At the end of the Spring Term, our School Prefects held a sponsored sleepout for Warming Up the Homeless. Will Gwynne, Upper Sixth, reports on his experience of the event and what he learned.
We each got our boxes, our sleeping bags and our blankets, set up in our back gardens, and spent a night trying to experience what being homeless must be like.
We all expected to be cold and to be uncomfortable, but I don’t think any of us fully grasped what a night outside would really entail. The stars were beautiful, but the intermittent passing of cars, birds flying overhead, the whistle of wind, and so many inconsequential noises that you would normally never consider combined to make it a startlingly noisy experience. You would think at 4am that the world is a quiet place. It is not.
On top of that there was the cold. That word does not even begin to describe how terrible it feels to be deeply cold, especially when it is for a long period of time. My toes, feet, fingers and nose very quickly went numb, even though I was wearing many pairs of socks and gloves. The ground was hard and damp, so very uncomfortable and it was impossible to find a comfortable position to get into. I could feel the cold seeping into my body and making my joints ache. It was horrible, and experiencing it helped me to understand in a way that imagining never could. All of these things combined made it such a challenge to even grasp a short period of sleep.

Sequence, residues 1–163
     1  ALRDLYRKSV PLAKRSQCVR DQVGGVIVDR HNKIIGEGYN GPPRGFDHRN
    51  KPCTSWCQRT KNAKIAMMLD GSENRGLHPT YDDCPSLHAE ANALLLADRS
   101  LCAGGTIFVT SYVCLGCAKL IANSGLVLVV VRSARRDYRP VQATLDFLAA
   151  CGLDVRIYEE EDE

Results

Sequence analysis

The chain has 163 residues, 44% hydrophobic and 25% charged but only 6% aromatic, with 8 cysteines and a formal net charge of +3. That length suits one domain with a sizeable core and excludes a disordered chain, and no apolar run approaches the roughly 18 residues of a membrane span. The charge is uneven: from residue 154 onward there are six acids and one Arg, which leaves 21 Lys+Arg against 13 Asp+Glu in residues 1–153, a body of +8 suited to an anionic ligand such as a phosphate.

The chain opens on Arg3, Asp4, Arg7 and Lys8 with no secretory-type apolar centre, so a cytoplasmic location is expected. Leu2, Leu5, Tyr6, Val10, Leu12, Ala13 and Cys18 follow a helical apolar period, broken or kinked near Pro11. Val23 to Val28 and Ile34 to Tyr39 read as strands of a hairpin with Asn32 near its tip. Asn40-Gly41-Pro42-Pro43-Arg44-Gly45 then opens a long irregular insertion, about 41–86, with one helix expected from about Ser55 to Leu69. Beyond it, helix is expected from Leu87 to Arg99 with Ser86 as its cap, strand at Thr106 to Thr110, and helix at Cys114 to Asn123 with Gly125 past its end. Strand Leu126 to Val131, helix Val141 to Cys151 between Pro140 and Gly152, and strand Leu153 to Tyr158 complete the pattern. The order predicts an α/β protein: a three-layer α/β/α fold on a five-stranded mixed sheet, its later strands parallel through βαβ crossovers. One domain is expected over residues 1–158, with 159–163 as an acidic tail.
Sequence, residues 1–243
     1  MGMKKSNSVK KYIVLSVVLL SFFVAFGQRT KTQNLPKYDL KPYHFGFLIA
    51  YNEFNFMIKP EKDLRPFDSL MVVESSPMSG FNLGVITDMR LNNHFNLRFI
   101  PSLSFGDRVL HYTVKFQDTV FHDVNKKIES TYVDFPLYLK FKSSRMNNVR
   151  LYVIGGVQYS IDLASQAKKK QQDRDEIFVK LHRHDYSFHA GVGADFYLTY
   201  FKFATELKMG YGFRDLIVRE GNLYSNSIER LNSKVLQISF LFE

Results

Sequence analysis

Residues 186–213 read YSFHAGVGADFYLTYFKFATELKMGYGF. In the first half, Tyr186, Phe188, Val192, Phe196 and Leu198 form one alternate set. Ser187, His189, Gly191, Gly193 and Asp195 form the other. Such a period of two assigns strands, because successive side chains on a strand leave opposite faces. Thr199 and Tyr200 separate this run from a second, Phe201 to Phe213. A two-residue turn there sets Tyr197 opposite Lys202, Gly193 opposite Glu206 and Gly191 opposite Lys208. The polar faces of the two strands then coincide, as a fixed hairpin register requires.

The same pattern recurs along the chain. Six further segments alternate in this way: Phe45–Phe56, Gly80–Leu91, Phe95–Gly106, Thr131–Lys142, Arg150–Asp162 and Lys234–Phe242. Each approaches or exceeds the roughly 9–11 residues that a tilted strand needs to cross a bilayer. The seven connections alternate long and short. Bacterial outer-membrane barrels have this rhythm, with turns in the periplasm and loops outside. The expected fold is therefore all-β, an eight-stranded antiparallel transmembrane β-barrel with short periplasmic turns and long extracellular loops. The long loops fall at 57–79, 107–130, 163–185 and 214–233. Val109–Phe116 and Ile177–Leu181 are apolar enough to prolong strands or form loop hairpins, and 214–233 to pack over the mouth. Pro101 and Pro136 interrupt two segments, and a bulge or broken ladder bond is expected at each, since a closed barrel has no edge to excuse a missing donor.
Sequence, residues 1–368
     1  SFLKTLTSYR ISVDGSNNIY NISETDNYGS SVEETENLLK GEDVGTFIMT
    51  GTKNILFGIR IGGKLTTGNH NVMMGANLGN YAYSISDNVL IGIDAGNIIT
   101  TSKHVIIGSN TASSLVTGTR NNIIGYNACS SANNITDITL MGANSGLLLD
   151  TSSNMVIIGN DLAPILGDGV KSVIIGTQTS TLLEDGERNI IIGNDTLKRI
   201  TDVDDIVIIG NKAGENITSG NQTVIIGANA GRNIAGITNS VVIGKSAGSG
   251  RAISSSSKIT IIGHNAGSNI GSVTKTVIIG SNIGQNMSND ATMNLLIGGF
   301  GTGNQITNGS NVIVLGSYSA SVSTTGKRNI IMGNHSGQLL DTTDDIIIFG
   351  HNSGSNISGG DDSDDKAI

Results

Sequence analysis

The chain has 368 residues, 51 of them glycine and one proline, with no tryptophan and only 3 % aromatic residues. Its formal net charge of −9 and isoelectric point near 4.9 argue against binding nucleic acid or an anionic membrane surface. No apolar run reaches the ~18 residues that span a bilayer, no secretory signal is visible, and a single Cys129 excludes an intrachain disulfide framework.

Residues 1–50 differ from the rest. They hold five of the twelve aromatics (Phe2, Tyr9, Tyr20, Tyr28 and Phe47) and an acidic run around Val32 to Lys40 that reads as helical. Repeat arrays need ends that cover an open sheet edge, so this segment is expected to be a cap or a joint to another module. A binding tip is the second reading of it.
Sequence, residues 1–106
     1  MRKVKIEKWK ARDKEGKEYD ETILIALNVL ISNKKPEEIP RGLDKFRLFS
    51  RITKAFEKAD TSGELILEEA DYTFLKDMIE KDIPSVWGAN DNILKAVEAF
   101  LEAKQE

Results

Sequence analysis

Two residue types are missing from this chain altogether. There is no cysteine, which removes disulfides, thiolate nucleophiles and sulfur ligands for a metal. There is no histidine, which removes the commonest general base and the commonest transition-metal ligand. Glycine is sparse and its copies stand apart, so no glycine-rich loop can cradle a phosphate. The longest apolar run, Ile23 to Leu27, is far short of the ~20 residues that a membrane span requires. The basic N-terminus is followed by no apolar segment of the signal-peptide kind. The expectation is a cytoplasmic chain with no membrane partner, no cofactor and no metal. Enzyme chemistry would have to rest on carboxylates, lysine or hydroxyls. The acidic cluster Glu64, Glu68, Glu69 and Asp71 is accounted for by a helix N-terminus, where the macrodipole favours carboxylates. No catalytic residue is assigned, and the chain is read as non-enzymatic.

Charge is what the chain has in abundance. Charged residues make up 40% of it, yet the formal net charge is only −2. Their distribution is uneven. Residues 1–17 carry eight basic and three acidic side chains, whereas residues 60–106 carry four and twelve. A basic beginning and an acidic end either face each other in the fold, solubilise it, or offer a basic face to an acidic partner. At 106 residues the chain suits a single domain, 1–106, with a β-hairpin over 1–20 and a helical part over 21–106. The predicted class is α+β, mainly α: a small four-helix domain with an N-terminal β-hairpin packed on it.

Whilst we all were uncomfortable and cold and found it hard to sleep, we knew as we were doing this that our experience pales in comparison to what the homeless face. To sleep and be exposed to the weather night after night is something we still can’t fully comprehend. After one night, we felt the mental drain, the aches, the pains and the fatigue for the days to follow, and we each went out into our gardens after having a good meal, with the knowledge and respite of having a cosy room and bed to go back to afterwards. To think that the homeless out there face this experience every single day of their lives, with no hope of change, is truly terrible and heart-breaking.
We set out with the target or raising £2,000 as a community, but through so much support, we have exceeded that figure. Thank you to everyone who donated. This really is a worthy cause that I for one am proud to have contributed to.